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Eurocodes

Standardisation needs for the design of underground structures

JRC Report: Eurocodes Scientific and Technical Report by Bogusz, W; Breunese, A; Nuijten, G; Athanasopoulou, A; Psomas, S; Lewandowska, A; Stille, H; Dimova, S; Pecker, A; Grunicke, U; Bezuijen, A; Frank, R; Burbaum, U; Roessler, K; Brandtner, M; Jung, H; Ganz, H; Bournas, B; Sousa, M.L; Subrin, D; Pinto, A; Sciotti, A

Published in Luxembourg,
Publication Office of the European Union, 2019

https://publications.europa.eu/en/publication-detail/-/publication/cda16e27-2446-11e9-8d04-01aa75ed71a1/language-en

Tunnel projects in Europe form a large portion of the infrastructure market, and there is continuous demand for the construction of new tunnels. Underground structures and particularly tunnels are unique structures. Their key design considerations and structural behavior are different from other structures, such as buildings and bridges, as the main bearing element in tunnels is the surrounding soils and rocks. Despite the unique characteristics of tunnel design, there are no currently available European tunnel design standards or harmonized guidelines at European level. Thus tunnel design in Europe is being carried out based on the national knowledge and experience with the use of industrial/client standards and guidelines, as well as with parts of the Eurocodes. However, the scope of the first generation of the Eurocodes covers buildings and some other civil engineering works, e.g. bridges, towers, masts, chimneys, silos, tanks, pipelines and there are no parts devoted to the design of tunnels, as the Eurocodes do not include explicitly all underground structures.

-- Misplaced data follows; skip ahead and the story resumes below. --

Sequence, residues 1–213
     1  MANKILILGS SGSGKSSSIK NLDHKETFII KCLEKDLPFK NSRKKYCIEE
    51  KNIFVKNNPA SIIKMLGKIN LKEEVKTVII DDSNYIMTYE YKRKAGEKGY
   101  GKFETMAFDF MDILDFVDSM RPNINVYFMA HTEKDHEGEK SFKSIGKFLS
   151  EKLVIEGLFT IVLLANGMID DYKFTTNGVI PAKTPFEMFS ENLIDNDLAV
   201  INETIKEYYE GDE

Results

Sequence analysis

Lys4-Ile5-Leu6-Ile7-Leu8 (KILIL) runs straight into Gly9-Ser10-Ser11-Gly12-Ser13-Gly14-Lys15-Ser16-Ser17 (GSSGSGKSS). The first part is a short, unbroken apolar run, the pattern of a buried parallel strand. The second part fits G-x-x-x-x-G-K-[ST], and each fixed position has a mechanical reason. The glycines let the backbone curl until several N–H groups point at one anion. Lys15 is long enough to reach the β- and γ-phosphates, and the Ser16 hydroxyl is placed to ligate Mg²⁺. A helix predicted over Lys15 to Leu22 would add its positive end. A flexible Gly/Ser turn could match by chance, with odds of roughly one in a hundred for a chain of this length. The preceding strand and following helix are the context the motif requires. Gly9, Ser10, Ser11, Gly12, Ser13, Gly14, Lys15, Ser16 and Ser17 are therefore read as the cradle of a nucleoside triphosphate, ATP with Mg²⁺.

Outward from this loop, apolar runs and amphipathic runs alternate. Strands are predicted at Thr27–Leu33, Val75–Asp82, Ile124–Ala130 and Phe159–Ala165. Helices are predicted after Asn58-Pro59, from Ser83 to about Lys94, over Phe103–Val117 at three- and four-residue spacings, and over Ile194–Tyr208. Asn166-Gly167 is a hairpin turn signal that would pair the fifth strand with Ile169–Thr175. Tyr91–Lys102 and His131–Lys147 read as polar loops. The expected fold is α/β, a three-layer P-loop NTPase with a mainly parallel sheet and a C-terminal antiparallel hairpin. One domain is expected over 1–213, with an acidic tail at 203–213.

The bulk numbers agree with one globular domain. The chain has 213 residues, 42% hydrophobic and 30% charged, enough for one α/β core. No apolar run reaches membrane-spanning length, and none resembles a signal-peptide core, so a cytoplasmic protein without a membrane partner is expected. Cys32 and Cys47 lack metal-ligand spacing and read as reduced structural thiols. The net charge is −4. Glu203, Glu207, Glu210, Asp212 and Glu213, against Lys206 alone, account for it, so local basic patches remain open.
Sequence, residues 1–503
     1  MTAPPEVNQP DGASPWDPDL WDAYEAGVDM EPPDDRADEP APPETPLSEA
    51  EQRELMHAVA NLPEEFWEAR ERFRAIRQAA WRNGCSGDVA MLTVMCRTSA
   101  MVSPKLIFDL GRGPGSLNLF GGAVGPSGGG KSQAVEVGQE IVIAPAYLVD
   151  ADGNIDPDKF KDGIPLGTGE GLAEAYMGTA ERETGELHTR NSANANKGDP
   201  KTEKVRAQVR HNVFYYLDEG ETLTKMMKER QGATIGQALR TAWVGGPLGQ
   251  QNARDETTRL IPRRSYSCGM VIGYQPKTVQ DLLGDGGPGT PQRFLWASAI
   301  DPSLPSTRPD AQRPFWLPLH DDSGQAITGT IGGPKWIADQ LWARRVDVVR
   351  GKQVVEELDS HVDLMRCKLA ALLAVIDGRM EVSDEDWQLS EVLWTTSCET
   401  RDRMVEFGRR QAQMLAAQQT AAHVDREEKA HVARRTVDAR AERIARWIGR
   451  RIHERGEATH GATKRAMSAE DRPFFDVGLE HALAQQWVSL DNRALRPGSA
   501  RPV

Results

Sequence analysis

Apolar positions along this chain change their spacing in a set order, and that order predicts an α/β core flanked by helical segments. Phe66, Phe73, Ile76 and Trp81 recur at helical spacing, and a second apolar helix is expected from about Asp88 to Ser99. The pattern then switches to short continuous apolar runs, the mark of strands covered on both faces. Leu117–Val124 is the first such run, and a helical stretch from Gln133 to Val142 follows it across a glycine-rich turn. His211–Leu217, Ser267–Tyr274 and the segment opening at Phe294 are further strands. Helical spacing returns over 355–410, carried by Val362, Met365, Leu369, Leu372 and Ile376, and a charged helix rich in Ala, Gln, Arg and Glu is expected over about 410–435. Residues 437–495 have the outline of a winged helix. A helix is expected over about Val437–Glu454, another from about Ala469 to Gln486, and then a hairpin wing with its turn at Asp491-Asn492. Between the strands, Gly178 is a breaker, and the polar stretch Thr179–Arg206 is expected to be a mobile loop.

The report delineates that the development of design standards for tunnels and underground structures is certainly feasible (at least for typical configurations) and that it would be advantageous to foster harmonization of design rules between countries. It appears suitable that the concept of new standards or guidelines for the design of tunnels shall be developed in line with the Eurocodes and delineate how to complete and/or restrict their use for tunnels without limiting the required flexibility, having in mind the specificity and diversity of tunnel design. In parallel, it would be beneficial that the concept will be consistent with the new developments in the second generation of the Eurocodes currently under development and expected to be published after 2020. Further, it is evident that there is need to

(i) define what is specifically being used for tunnel design from the current Eurocodes,

(ii) assess what is missing and

(iii) identify what should not be used in tunnel design, keeping in mind that the Eurocodes were originally not meant for dealing with tunnels.

Sufficient literature, case studies and experience is available to prepare the general framework of a standard or guiding document, as well as addressing most common types of underground structures. Currently existing standards, guidelines and recommendations for tunnels in some European countries, as well as the Eurocodes and international codes, can serve as the basis for the development of the new standards or guidelines.